Mailbag! How do the New York Giants truly view Daniel Jones?

Mailbag! How do the New York Giants truly view Daniel Jones?

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One of the biggest comebacks (collapses?) in NFL history is all of seven hours old, so we can safely assume Sean Payton has set up shop at Chargers HQ. Nameplate on desk, ruler on head, he’s back.

Good Lord.

What was that?

Sorry if you slept through 27-0. Nothing was going right for the Jacksonville Jaguars at home against the Los Angeles Chargers. Trevor Lawrence then turned it on. After throwing four touchdowns, Lawrence threw four touchdowns and the Jaguars advanced to the second round of the playoffs with a 31-30 victory that will surely have Chargers ownership questioning whether Brandon Staley is the right coach for Justin Herbert.

Mix-ups like this get people fired… especially when a Super Bowl winner is making the interview rounds.

Meanwhile, Brock Purdy is everything LaVar Ball claimed he was — undefeated, Nevah lost, the lowest drafted quarterback in NFL history to start and win a playoff game. No one holds his hand. Purdy is the first starting quarterback with four total tackles in a playoff game. The 49ers throttled Seattle in the second half.

The other? Bills-Dolphins, Giants-Vikings and Bengals-Ravens with Buccaneers-Cowboys on Monday night.

If you’re looking for something to read over that Sunday coffee, here are the answers to your post questions. We look back at another on-field tragedy with former NFL quarterback Erik Kramer, examine Daniel Jones’ future in New York, take a stab at Chicago’s goals with that No. 1 pick. 1 and predict who will be next year’s version of Geno Smith.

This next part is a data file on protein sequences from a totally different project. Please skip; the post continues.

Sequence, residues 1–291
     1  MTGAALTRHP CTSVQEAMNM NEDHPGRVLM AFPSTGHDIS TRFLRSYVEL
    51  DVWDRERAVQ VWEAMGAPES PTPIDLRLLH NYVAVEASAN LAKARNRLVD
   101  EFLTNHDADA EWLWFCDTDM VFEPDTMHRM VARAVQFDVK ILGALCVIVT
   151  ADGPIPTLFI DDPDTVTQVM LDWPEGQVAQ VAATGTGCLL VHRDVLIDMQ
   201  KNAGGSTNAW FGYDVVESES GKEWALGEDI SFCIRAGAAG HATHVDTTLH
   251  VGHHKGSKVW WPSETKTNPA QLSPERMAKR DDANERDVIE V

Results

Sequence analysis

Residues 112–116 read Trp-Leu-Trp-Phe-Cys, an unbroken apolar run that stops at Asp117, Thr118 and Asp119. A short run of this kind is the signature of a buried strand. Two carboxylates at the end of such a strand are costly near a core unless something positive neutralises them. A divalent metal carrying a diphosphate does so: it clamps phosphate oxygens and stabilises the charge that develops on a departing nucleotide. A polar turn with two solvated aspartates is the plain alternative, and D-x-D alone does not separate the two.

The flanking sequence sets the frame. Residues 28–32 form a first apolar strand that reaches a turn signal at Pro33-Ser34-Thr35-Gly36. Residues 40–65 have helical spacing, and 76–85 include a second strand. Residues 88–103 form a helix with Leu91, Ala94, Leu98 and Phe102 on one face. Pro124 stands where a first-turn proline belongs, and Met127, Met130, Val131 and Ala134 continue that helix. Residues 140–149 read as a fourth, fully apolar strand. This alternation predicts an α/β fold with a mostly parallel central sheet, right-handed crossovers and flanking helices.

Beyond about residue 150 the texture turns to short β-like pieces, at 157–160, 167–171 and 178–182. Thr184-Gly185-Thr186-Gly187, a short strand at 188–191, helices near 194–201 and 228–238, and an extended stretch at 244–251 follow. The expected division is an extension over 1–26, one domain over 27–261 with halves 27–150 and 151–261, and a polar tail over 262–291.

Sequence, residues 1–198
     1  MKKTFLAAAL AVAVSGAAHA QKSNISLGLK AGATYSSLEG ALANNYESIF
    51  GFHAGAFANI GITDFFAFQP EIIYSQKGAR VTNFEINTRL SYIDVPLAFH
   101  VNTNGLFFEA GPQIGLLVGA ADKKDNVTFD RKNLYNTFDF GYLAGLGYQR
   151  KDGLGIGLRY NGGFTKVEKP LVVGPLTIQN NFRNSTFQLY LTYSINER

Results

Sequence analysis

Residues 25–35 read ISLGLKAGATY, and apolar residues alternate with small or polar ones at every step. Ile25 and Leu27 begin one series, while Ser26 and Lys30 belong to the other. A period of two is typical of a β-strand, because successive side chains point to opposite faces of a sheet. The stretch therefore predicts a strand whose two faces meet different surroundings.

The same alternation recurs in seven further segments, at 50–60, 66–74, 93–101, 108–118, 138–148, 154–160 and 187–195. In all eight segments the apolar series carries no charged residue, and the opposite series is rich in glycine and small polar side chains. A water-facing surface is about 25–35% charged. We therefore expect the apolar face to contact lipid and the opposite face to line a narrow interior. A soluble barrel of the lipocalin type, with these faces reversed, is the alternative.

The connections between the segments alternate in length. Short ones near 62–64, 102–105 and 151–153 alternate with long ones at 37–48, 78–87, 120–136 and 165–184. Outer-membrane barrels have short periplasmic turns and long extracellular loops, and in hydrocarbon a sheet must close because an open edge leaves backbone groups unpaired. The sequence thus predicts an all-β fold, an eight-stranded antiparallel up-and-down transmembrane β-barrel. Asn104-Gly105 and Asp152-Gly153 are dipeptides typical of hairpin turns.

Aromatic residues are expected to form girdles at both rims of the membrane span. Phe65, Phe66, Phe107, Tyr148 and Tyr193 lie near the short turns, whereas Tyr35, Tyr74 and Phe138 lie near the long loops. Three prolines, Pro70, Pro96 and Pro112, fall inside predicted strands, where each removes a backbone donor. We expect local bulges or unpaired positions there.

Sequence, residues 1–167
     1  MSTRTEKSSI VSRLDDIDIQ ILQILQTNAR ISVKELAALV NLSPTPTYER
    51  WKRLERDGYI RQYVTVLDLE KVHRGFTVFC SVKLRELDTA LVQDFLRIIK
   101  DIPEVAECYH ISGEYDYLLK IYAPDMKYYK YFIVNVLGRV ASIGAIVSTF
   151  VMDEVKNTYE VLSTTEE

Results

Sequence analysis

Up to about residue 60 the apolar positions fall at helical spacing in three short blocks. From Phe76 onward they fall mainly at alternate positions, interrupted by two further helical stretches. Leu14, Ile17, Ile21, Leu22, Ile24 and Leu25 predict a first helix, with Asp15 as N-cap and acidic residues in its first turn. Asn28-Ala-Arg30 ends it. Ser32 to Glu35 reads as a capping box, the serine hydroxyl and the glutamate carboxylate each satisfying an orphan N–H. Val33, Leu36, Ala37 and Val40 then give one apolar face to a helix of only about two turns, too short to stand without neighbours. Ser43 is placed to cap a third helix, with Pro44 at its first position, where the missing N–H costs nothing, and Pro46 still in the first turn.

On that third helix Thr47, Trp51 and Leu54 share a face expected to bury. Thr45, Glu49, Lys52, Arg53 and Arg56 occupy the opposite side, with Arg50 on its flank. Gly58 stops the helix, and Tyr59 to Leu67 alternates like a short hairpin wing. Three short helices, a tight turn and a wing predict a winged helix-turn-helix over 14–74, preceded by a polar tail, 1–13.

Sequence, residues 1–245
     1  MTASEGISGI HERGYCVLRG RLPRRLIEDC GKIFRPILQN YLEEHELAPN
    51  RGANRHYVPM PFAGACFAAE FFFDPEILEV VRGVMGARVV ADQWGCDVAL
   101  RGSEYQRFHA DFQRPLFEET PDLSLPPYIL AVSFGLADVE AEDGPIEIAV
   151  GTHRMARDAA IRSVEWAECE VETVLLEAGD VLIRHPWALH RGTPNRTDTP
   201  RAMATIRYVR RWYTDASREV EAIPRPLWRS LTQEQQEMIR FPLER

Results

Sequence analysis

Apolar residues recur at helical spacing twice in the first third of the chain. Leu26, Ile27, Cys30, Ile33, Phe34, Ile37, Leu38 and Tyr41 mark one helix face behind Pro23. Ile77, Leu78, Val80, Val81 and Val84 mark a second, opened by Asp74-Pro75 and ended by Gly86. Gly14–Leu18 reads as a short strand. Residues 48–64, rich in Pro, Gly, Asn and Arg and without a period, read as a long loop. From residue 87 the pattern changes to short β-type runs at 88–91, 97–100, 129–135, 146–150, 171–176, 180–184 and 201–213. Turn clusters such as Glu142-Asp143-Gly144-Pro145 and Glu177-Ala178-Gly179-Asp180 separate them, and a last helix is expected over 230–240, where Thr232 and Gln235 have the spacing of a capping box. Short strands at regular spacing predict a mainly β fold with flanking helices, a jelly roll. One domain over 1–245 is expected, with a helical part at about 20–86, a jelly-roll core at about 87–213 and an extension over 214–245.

This week’s stories, icymi:

Also, I’m going to open a chat thread inside the Substack app so we can hang out during games. Join here if you want:

With Hamlin being such a rallying point for the team, it reminds me of when Mike Utley went down in 1991 and the Lions called the rally “well done.” Do you know how the players on that team handled his injury and rallied around him?

– Joe

Given the fact that we had the zero frame of reference for Damar Hamlin’s cardiac arrest, this is such a good question. There’s no parallel to a teammate receiving CPR coming back to life on the field, but Mike Utley’s scary situation might be as close as we get in terms of raw shock. That ’91 Lions team is also one of the best in franchise history. They finished 12-4, earned a first-round bye and defeated the Dallas Cowboys 38-6 in the divisional round before losing to Washington in the NFC Championship. Two years later, they won the NFC Central again and haven’t won the division in 29 years since then.

Which is what makes that 91 season so appealing.

Thanks for giving me an excuse to call Erik Kramer, the quarterback on that Lions team. For those new to Go Long, Kramer’s story will blow your mind. (Here’s the three-part series.)

Kramer remembers this moment vividly. His full thoughts are below. Something this traumatic can pull a team together.

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“When Mike pulled up in his wheelchair and gave the thumbs up, I didn’t know he was paralysed. I didn’t think anyone did. I was on the field and it happened during the game. But what happened to his life is that there was not a day that he was not paralyzed. That was 31 years ago. So he’s been paralyzed longer than he wasn’t.”